On Nov. 7, voters in Greenville will make crucial decisions about the future of the city by selecting the members of the next city council. Greenville will have a new mayor, and there will be new councilmen in the at-large, District 3 and District 5 seats.
The District 1 and District 4 seats are contested as well, with only District 2 Councilwoman Rose Glover running unopposed.
Financial adviser William Litchfield and retired IBM engineer Tom Best are running for the District 5 seat, which is being vacated P.J. Connelly, who is running for mayor.
While both candidates have ideas for bringing new jobs to Greenville, I am endorsing Will Litchfield in District 5 because of his financial expirience and his commitment to bringing more “living-wage” jobs to the area.
A native of Washington, N.C., Litchfield, 38, graduated from East Carolina University in 2002 with a degree in finance. He worked in Philadelphia, Atlanta, Raleigh and Charlotte before returning to eastern North Carolina in 2009 and is a financial adviser for the Greenville branch of Raymond James.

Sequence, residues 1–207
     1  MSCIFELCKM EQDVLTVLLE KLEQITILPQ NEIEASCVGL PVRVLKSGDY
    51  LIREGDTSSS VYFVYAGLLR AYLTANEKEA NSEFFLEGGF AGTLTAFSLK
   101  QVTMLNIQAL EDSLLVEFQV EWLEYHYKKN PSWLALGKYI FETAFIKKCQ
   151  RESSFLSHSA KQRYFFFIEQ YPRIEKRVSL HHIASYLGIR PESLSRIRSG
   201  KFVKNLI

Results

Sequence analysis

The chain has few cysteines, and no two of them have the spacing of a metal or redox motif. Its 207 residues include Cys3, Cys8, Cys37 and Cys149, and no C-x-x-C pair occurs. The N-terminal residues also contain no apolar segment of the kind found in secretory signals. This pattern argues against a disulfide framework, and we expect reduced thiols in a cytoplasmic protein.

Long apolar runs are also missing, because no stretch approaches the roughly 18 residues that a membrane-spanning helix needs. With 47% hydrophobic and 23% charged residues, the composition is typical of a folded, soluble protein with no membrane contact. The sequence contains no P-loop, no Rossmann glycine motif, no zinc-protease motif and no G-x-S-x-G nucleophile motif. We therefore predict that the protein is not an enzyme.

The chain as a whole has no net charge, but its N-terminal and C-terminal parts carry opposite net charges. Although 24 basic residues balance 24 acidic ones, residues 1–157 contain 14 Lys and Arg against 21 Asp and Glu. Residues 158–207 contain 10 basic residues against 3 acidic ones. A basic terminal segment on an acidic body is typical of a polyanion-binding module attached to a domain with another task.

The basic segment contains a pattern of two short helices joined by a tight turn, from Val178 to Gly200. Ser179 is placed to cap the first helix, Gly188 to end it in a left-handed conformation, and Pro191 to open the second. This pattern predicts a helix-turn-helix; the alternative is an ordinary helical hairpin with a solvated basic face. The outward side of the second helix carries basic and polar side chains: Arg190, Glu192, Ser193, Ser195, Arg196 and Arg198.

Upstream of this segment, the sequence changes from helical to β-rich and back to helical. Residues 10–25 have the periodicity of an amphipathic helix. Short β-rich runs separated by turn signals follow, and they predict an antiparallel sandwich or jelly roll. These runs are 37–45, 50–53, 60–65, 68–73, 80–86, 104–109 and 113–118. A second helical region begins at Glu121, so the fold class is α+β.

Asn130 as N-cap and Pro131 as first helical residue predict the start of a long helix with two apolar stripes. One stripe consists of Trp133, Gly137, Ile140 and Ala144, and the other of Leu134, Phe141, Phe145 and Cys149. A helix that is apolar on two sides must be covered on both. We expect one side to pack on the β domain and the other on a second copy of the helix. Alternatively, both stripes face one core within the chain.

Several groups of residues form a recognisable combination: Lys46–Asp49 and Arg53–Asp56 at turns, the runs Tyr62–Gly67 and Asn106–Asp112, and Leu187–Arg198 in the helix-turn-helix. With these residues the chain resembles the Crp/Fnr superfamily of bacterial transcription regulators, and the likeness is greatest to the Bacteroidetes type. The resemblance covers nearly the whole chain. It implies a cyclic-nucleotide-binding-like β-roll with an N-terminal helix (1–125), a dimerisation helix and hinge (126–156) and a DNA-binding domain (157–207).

Greenville is experiencing tremendous growth and needs city leaders who will keep the momentum going forward. By the end of the decade, more than $1 billion in public and private development projects are being invested in Greenville.
Past and present city councils have invested funds into deveopment and infrastructure projects in hopes of attracting new businesses that will bring much-needed jobs.
The financial stability provided by Vidant Health and ECU — the biggest economic drivers in the city — will not be sustainable if Greenville cannot attract new industries.
The city needs leaders who are focused on job creation, and I am giving Will Litchfield my endorsement — and my vote — because of his plan to build relationships with all the economic development offices in the area as well as ECU and Viant Health.
“We have a gem in Vidant and ECU that most cities would give anything for,” Litchfield said recently. “We need to find a way to leverage that.”
I also feel that Litchfield will be an asset to the city during the upcoming two-year budget cycle, which will begin in January.
“Part of what I do as a financial planner is creating budgets,” he said.”We have to develop some long-term planning … not just two years down the road but 10 or even 15 years.”
To continue its momentum, Greenville needs leaders focused on long-term financial stability, and I feel that Will Litchfield will bring that vision to the City Council as the representative of District 5.